And that pressure is turned up a notch when you get it wrong. I remember the first time I realised I had got it wrong. It was when my little girl, Abbey, was nine months old. I lay her on the sofa, and turned away for a split second, and the next thing I heard was a bang. She had rolled off the settee and was wailing and crying – more from the shock than anything else I think. That split-second decision had been wrong. And for days after it happened I thought about little else. What was I thinking? Why did I put her on there and look away? Was I a bad parent? What would other mams say? I’d judge me!
As any parent will know, the second you become a mam, your instinct is to protect your children. Some in-built thing makes you leap to their defence if someone picks on them; scoop them up when they fall; cuddle them in tight and comfort them when they cry. But what about when you make them cry? What about when you get it wrong?
Last week marked Family Safety Week, which you might think is someone else telling you how to be the perfect mam, dad or carer! But it’s not. Perfect parents are about as common as perfect wives; husbands; daughters; sons; friends; colleagues and people. In other words, they don’t exist! Parenting is the hardest job in the world – that is why there is so much advice out there for parents – not because people want to tell you what to do, but because it’s a well known fact that parents need support. And the quest to be perfect needs to stop!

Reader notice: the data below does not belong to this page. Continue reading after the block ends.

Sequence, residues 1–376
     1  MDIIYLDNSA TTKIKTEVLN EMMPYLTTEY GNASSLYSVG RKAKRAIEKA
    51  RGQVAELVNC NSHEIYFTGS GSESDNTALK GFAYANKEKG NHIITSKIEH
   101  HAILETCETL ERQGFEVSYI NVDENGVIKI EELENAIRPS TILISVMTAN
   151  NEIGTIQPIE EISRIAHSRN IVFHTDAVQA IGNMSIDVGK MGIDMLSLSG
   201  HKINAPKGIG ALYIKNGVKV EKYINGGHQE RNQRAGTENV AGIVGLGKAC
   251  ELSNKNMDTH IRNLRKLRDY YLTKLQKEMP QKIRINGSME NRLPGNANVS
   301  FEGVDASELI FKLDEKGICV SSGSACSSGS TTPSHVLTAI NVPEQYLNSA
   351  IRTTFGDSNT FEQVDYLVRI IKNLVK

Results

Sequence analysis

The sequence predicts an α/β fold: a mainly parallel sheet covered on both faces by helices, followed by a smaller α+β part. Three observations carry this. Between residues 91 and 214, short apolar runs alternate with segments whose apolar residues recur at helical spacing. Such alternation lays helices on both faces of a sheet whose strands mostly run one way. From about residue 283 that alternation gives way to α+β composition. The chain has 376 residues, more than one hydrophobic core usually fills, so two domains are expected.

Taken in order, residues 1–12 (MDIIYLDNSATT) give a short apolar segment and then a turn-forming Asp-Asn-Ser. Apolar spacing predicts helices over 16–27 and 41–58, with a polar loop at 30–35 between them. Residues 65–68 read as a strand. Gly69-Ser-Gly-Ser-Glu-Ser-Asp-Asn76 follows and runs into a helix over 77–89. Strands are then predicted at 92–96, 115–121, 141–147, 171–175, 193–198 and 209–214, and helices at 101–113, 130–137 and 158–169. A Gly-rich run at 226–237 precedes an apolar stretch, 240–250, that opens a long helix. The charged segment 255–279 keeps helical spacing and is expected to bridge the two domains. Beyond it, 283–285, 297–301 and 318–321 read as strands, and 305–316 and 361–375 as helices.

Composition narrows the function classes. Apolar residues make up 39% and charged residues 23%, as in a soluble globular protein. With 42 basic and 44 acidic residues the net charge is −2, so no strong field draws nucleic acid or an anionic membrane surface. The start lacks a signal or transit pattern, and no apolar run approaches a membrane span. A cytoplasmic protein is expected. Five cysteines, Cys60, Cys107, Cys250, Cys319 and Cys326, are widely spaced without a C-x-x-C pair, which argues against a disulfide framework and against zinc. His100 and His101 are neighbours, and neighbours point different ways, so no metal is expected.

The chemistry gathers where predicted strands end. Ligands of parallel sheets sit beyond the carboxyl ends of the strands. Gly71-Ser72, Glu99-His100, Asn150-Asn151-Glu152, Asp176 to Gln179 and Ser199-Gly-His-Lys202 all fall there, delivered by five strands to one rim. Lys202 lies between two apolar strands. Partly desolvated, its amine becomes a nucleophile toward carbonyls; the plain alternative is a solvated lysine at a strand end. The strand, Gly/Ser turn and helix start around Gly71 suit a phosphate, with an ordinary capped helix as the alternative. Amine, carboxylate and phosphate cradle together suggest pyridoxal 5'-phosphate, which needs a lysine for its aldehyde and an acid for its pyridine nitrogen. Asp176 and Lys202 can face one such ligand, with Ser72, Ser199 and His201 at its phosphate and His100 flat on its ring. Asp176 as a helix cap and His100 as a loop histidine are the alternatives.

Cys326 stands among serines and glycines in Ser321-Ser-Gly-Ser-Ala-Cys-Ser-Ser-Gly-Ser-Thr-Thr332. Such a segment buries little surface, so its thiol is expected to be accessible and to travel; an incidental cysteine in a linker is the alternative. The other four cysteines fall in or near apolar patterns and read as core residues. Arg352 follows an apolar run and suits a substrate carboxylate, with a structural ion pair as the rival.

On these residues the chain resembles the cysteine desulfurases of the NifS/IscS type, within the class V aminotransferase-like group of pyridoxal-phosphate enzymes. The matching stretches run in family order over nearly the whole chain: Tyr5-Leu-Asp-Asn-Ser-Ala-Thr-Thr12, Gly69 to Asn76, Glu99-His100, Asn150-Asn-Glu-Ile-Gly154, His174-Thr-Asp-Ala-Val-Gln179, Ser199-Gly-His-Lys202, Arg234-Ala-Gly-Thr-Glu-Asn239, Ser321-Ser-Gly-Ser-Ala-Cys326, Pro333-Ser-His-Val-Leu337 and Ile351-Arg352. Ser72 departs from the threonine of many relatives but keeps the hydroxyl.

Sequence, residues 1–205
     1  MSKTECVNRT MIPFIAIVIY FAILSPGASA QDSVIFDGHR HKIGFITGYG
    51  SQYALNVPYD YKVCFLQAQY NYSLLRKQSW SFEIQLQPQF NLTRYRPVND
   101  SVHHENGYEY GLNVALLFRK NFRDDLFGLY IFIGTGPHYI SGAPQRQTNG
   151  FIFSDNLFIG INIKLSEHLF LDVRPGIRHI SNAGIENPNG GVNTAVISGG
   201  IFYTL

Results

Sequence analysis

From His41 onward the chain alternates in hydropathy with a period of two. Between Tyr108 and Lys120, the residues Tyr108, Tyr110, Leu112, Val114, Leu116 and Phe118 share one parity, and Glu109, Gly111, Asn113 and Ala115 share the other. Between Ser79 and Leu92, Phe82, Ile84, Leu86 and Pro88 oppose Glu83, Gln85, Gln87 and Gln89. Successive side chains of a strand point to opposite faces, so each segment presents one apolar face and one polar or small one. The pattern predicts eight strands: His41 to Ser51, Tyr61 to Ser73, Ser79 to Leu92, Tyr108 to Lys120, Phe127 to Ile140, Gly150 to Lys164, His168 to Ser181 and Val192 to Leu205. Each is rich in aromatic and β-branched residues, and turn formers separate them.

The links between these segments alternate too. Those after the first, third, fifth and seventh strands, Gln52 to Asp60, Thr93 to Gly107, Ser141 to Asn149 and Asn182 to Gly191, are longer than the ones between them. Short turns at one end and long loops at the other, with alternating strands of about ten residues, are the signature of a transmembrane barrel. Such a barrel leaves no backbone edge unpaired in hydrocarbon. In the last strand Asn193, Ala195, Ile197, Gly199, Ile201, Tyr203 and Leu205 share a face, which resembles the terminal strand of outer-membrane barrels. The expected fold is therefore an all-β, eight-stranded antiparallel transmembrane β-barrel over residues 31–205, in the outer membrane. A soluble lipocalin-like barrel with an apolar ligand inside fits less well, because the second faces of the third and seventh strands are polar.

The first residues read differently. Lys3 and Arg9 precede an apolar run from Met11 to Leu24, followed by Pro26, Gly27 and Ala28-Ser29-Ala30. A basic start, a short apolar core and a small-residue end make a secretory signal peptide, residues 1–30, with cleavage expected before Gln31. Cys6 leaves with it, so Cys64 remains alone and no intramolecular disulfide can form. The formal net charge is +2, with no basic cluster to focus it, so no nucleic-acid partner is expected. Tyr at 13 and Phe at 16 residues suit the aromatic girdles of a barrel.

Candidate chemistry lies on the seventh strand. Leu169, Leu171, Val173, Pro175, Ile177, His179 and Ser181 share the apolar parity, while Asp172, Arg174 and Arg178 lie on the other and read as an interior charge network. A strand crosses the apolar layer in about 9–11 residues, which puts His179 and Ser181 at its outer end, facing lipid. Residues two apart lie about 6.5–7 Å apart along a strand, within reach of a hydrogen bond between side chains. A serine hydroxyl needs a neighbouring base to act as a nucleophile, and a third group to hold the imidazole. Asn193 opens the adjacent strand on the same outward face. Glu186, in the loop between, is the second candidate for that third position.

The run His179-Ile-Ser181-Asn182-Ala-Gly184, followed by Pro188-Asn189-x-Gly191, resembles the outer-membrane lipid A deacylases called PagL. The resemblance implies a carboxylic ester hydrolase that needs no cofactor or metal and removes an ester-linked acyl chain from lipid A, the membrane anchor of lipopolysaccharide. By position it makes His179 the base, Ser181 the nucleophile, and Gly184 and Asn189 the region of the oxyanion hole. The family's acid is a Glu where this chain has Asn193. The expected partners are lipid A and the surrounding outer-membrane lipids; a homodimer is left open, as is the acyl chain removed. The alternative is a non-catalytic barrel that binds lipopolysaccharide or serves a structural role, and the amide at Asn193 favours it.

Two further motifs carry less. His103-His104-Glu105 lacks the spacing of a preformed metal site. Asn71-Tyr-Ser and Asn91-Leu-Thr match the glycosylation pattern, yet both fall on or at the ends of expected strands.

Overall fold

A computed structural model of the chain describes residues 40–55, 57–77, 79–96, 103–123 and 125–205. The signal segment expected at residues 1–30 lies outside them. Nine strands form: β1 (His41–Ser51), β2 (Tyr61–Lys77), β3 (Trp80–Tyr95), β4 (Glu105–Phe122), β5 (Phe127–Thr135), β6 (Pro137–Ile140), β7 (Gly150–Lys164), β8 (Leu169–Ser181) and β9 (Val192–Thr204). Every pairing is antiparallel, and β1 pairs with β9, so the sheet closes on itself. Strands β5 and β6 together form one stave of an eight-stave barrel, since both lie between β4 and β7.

Getting it wrong is sometimes easier than getting it right and we do need advice and tips to help us along the way. We all make mistakes, but what Family Safety Week is about is to give us pointers that can minimise the risk of us getting it wrong, and keep our little ones safe. Sometimes it is just about looking at the world in a different way. We forget what a dangerous place our homes can be for babies and toddlers – whether it is popping your baby down and turning away from a few minutes; that split second step out of the bathroom which could mean your child slips under the water; or leaving your straighteners on and your little one touching them. It’s easy to create risks without even thinking about it.
The thing we need to remember though is that real parents do make mistakes. It doesn’t make us bad parents – it makes us human. Let’s looks at where we can learn, through weeks like Family Safety Week – by the way, there are lots of useful hints and tips at www.familysafetyweek.org.uk – and stop trying to be perfect. Let’s just be parents. Perfectly imperfect, but learning all the time.